Proposed road could help alleviate heavy traffic to Springboro High School

This sharp curve would be eliminated by a new township road to be built in Springboro as a condition of approval of a new subdivision just south of city limits. STAFF/LAWRENCE BUDD
This sharp curve would be eliminated by a new township road to be built in Springboro as a condition of approval of a new subdivision just south of city limits. STAFF/LAWRENCE BUDD

A road that could help alleviate heavy traffic flowing into Springboro High School during early morning and afternoon hours is being planned.

The City of Springboro has agreed to pay for construction of a road in surrounding Clearcreek Twp. as part of a condition for construction of a 69-home subdivision on farm fields, just south of city limits.

The yet unnamed road, conceived during discussions on the proposed development, would connect Red Lion-Five Points Road and Ohio 741, eliminating reroute traffic away from a sharp curve on Red Lion-Five Points and traffic that cuts through a Springboro neighborhood.

"It's to everybody's advantage that this gets constructed," Assistant Warren County Engineer Kurt Weber said during the May 28 Warren County Regional Planning Commission meeting approving plans for the Woodgrove residential development on 52.7 acres of the Montgomery Farm.

Clearcreek Twp. would maintain the new road. MI Homes will donate the 50 feet of right of way needed for the road on the north edge of their development.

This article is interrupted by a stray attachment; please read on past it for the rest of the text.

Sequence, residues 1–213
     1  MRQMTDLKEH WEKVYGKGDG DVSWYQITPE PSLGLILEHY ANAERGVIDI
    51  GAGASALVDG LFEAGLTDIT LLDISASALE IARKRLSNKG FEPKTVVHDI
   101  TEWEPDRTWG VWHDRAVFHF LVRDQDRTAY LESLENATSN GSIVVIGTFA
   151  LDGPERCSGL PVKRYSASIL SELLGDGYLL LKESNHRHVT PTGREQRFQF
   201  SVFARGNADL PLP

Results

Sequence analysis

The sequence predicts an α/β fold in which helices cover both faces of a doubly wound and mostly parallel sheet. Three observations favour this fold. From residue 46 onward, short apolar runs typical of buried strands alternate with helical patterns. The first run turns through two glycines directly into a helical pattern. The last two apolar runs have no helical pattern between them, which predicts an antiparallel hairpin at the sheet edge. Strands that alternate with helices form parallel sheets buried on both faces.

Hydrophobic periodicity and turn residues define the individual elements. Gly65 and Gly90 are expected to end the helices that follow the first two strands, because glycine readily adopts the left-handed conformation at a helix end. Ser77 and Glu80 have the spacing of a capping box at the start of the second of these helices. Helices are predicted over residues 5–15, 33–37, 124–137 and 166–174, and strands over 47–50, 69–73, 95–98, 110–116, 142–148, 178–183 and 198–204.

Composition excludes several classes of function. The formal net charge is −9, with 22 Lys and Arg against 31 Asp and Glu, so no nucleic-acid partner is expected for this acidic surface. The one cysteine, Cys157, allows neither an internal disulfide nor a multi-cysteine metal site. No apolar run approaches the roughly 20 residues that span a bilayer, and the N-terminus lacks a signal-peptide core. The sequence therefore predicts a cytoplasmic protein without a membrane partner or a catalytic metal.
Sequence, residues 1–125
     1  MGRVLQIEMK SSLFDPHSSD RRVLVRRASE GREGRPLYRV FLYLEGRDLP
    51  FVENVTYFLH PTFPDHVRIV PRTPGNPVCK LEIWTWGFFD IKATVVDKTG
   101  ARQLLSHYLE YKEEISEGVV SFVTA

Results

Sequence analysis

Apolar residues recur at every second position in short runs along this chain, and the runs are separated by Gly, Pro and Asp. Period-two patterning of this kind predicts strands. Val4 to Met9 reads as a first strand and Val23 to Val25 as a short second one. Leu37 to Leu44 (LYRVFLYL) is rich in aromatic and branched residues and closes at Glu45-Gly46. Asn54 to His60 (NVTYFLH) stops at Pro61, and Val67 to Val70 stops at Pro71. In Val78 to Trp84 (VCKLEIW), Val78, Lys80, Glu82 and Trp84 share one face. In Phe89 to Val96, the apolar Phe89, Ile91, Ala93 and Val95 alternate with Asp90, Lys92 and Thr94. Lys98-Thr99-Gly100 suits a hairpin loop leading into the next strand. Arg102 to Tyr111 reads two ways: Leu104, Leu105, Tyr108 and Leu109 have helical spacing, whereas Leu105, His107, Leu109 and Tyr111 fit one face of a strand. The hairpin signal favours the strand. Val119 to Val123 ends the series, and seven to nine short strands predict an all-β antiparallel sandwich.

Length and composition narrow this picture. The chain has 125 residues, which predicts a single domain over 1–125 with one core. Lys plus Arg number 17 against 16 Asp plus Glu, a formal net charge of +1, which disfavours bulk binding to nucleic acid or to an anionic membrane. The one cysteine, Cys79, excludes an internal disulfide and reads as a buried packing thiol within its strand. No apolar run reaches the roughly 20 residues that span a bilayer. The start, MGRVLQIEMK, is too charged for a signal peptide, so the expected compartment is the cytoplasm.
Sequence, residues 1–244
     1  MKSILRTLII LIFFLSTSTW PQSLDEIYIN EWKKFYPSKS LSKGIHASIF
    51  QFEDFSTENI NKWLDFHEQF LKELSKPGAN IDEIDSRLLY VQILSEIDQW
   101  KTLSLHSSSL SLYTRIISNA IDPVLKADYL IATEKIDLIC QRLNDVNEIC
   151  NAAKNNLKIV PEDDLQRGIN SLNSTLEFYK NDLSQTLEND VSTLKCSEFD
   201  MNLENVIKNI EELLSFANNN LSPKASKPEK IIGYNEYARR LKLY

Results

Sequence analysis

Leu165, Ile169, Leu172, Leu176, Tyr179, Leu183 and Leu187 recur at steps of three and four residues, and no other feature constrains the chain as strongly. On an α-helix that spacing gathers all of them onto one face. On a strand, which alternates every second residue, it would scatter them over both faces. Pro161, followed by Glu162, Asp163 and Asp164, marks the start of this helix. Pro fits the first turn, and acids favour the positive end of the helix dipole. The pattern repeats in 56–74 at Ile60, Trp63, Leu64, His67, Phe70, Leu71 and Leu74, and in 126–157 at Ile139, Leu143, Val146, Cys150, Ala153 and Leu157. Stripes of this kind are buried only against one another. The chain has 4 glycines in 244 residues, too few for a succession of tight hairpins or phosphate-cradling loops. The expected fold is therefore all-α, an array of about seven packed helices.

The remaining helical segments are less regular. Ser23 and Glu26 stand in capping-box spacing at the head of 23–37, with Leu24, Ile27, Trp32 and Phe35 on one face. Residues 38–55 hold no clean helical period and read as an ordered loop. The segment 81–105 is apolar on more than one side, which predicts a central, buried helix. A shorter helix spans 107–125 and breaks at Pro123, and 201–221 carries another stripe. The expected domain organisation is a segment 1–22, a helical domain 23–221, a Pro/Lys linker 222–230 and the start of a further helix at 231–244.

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Last week, Springboro City Manager Chris Pozzuto said plan was another example of cooperation between the township and city and part of efforts to ease gridlock on Ohio 741, Main Street in Springboro, mainly from drivers before and after school.

“This proposed road, if built, will direct more traffic to the south of the High School and encourage more traffic to enter the school campus from the south, versus the north, where 90% of all the school traffic originates,” Pozzuto said in an email.

In addition, the new road is expected to at least reduce the number of student drivers currently cutting through the Heatherwoode subdivision to get to Springboro High School.

“This proposed road will allow the city to ‘divert’ the cut-through traffic a little further to the south to hopefully alleviate the traffic in Heatherwoode. Through a partnership with the Schools, the Schools have agreed to re-route 11 of the 18 bus routes that would typically utilize that cut-through within Heatherwoode, again, reducing traffic in that strictly residential area,” Pozzuto added.

The change is also designed to ensure safety of police officers monitoring the traffic.

“Officer safety is our number one priority and the proposed road, if built, will eliminate the need for an officer to be posted at that location in the mornings,” Pozzuto said.

The change is also expected to improve “Young Driver Safety” by eliminating left turns that have to be negotiated on the current route.

The city is exploring the best way to pay for the road.

The regional planning commission’s executive committee approved MI’s preliminary plan on May 28.

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Although it is expected to reduce cut-through traffic, Mike Hemmert, a Heatherwode resident, is among residents still with questions about the location of the new road in the preliminary plan.

Some of the same residents opposed a plan by Oberer to build more homes on the property, rejected by the Clearcreek Twp. trustees.

“The concern is the location of the road and the ‘straight line’ of it. All of us know the school kids will abuse the speed limit,” Hemmert said in an email after the meeting.

The plan still has to pass regional planning commission staff review.